Hartford's financial managers are forecasting abudget deficit of $2.6 million for fiscal 2007-08, based on the city's revenues and expenditures through the first quarter of the year.
City staff presented a report to the council Monday outlining the city's first-quarter fiscal results.
The main reasons for the projected deficit — which is being described as a budget "gap" or "variance" — are increased overtime for the police and fire departments, a larger anticipated need by the public works department for snow removal equipment and supplies, and the receipt of less state aid for the schools than the adopted budget anticipated.
The city is projecting that it will bring in $525.1 million by the close of the fiscal year that ends Sept. 30, 2008; it projects that total expenses by year's end will amount to $527.7 million. The city adopted a budget of $511 million.
Because of the looming deficit, Mayor Eddie A. Perez's office is directing department heads to "aggressively pursue" new revenue and charging the public safety chiefs with lowering overtime costs without hurting service. Perez is also recommending a "selective hiring freeze," filling only critical vacancies.
Lee Erdmann, the city's chief operating officer, said Monday that he was concerned, but not alarmed by the forecasted deficit.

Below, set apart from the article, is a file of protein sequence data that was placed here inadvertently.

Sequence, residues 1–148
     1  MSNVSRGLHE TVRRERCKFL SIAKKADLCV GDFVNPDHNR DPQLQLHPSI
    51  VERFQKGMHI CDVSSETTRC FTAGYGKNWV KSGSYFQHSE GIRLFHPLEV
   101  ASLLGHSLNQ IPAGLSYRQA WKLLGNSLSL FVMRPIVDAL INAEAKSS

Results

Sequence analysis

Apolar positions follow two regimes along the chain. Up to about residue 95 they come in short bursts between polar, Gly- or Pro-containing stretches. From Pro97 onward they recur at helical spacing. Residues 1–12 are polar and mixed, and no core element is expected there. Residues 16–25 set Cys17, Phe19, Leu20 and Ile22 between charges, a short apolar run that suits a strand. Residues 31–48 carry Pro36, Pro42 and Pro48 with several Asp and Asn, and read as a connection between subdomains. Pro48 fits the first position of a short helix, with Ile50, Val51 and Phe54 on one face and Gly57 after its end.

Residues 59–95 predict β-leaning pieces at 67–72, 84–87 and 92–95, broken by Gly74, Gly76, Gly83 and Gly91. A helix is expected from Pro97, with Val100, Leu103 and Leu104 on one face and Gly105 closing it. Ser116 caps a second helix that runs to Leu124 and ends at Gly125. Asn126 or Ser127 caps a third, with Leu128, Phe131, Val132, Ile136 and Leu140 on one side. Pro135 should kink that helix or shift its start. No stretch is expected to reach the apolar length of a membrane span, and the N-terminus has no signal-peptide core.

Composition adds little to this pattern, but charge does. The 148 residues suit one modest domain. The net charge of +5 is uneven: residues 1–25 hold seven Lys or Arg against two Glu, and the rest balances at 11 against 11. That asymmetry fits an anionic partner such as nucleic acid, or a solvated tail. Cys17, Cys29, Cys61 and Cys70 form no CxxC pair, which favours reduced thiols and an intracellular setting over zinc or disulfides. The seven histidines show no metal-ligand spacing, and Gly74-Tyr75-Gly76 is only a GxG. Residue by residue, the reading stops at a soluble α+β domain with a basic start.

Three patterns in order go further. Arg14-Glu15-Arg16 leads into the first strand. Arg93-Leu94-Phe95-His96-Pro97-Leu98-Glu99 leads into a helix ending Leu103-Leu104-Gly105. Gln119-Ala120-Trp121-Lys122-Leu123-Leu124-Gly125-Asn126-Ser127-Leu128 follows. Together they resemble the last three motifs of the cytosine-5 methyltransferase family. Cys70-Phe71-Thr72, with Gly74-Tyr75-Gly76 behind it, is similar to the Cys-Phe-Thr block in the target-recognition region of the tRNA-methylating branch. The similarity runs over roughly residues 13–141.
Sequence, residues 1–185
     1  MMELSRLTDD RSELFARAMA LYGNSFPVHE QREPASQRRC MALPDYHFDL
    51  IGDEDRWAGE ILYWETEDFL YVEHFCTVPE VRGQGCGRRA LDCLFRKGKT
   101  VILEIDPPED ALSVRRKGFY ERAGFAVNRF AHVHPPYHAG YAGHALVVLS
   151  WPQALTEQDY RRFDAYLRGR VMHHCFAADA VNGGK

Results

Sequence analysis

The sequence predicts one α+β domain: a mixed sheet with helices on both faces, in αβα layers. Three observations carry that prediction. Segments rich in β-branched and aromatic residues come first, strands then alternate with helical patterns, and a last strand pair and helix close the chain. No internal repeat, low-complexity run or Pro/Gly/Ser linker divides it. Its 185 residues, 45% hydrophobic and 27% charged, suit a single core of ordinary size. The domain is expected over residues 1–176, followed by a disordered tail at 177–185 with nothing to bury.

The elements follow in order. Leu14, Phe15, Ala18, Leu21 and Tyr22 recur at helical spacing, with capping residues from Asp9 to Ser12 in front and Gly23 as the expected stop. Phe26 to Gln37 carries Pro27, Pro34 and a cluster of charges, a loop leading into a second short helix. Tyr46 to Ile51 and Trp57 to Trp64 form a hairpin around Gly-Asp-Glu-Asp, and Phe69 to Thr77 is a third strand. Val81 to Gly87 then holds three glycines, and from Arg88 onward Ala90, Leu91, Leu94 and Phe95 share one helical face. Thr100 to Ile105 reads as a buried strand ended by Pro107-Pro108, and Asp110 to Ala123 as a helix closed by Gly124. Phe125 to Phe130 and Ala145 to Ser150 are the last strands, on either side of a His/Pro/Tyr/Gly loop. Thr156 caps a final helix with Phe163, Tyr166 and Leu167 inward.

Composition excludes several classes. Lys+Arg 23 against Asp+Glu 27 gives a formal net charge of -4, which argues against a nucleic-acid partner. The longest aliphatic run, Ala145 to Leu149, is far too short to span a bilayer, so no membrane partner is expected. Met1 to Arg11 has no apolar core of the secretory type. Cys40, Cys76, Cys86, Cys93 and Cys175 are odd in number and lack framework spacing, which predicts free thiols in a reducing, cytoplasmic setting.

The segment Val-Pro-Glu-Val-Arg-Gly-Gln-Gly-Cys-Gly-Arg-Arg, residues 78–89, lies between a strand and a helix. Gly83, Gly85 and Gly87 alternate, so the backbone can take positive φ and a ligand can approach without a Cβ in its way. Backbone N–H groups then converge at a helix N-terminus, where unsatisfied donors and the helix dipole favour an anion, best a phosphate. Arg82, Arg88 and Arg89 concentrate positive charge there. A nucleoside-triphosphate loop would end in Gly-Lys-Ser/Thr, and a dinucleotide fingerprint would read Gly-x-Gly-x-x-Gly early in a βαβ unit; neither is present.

"This is not atypical of what we find in the city of Hartford," Erdmann said. "Typically, as a result of the first quarter we will project a bit of a problem or a challenge, and each year we put in whatever measures we need to so that we are at least even at the end of the year. And our record has been that we can even get a small surplus.
"This is a variance — a gap — and it is one we are going to close by the end of the fiscal year," he said.
After the first three months of the fiscal year, the police and fire departments are anticipating an increase in their overtime costs of about 17.5 percent, or about $675,000 each. Because of manpower shortages, fire officials have had to rely on overtime to maintain contractually required staffing levels, city officials said. As for police, community policing and special initiatives aimed at reducing violence have increased overtime costs, city officials said.
The police and fire departments have cadets in training to bolster their numbers and reduce reliance on overtime.
Among other factors that have influenced the projected deficit, the public works department is receiving $495,000 more than budgeted for sand and salt and increased manpower. Also, the city had anticipated $10.6 million from the state for the schools, but only received $9 million, but is continuing to fund the schools at the original level.
Reprinted with permission of the Hartford Courant.
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